The Constellation-class frigate will be able to fire RIM-162 ESSM Block 2 and/or RIM-174 Standard ERAM missiles; RIM-66 Standard SM-2 Block 3C; the Naval Strike Missile; RIM-116 Rolling Airframe Missile; Mk 110 57-millimeter gun; and machine guns. The ship will be able to carry one MH-60R Seahawk helicopter and the MQ-8C Firescout unmanned helicopter.

The Constellation and its first two sister ships, the USS Congress (FFG 63) and USS Chesapeake (FFG 64) are named for three of the Navy's six original frigates -- USS Chesapeake; USS Constitution; USS President; USS United States; USS Congress; and USS Constellation -- built between 1797 and 1800. Of these original ships, the USS Constitution still is a Navy commissioned warship and is based in Boston.

Related: Lockheed Martin moves ahead with integrating combat system and sensors for Constellation-class frigate

Dynalec designs and builds military-grade systems to withstand the rigors of the military shipboard environment that involves extremes in shock, vibration, temperature, humidity, and acoustic noise. The company designs equipment racks and cabinets, subassemblies, or complete systems for shipboard communication, navigation, and switching applications.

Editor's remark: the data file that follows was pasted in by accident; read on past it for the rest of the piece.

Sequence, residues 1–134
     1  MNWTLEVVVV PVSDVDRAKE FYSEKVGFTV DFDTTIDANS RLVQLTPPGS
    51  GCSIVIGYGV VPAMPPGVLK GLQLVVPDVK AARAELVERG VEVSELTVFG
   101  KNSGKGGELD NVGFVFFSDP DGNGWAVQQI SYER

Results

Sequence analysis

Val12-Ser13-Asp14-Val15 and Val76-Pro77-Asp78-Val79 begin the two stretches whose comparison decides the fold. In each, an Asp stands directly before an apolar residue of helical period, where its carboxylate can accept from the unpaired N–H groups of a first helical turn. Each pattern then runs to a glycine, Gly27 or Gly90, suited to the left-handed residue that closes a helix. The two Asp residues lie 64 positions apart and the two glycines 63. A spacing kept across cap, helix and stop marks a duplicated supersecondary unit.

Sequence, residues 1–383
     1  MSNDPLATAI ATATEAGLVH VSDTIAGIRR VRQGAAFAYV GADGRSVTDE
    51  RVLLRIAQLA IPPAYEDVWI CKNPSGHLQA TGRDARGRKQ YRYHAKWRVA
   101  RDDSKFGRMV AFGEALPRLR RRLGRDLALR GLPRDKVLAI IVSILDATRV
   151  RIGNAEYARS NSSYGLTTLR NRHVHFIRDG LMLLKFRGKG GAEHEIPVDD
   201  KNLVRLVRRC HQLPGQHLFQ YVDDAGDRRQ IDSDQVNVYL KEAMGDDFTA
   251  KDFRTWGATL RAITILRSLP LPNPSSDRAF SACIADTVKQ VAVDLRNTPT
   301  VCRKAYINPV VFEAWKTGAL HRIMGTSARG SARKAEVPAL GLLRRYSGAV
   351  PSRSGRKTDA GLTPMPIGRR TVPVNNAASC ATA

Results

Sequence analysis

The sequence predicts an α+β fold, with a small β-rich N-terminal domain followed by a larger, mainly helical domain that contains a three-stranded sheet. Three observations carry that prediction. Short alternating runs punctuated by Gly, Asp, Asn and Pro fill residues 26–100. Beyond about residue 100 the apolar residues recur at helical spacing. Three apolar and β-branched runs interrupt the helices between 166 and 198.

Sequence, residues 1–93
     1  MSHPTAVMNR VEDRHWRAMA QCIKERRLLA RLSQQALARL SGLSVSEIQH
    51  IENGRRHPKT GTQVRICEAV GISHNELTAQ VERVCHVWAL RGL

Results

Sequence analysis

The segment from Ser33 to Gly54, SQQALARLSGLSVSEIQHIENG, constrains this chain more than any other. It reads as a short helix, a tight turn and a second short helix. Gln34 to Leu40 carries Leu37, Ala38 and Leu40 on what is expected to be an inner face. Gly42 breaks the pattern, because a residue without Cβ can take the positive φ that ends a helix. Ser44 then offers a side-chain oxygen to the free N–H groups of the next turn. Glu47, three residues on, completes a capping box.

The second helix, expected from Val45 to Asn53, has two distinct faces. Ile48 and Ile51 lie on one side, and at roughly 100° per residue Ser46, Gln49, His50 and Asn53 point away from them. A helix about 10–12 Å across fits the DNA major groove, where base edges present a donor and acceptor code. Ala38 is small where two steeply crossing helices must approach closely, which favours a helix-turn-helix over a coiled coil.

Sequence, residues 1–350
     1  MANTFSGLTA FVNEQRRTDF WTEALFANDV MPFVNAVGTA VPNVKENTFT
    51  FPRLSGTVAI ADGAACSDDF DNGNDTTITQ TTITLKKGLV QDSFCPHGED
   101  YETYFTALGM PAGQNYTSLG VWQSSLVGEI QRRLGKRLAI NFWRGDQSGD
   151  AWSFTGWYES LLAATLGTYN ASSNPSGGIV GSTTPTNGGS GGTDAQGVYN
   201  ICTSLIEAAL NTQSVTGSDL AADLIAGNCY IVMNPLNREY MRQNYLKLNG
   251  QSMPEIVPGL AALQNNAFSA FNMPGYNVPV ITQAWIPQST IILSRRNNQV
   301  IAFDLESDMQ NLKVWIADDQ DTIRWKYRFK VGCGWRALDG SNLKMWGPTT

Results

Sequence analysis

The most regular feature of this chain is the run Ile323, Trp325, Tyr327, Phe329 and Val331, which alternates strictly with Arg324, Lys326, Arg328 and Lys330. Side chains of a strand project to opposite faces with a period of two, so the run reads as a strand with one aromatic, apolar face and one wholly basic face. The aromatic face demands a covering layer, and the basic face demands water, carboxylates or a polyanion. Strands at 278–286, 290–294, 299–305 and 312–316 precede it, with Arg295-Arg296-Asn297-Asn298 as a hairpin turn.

Dynalec specializes in EMI-resistant enclosures and cabinets; shock- and vibration-proof equipment; fire detection sensors and control systems; sound powered telephone systems; analog, digital, and IP-based voice systems, terminals, telephones, intercoms, and announcing systems; synchro and servo devices; and ship control and navigation systems.

On this contract Dynalec will do the work in Sodus, N.Y., and Marinette, Wis., and should be finished by March 2028. For more information contact Dynalec Corp. online at, Fincantieri Marinette Marine Corp. at, or the Naval Information Warfare Center Atlantic in Charleston, S.C. at

About the Author

John Keller | Editor-in-Chief

John Keller is the Editor-in-Chief, Military & Aerospace Electronics Magazine--provides extensive coverage and analysis of enabling electronics and optoelectronic technologies in military, space and commercial aviation applications. John has been a member of the Military & Aerospace Electronics staff since 1989 and chief editor since 1995.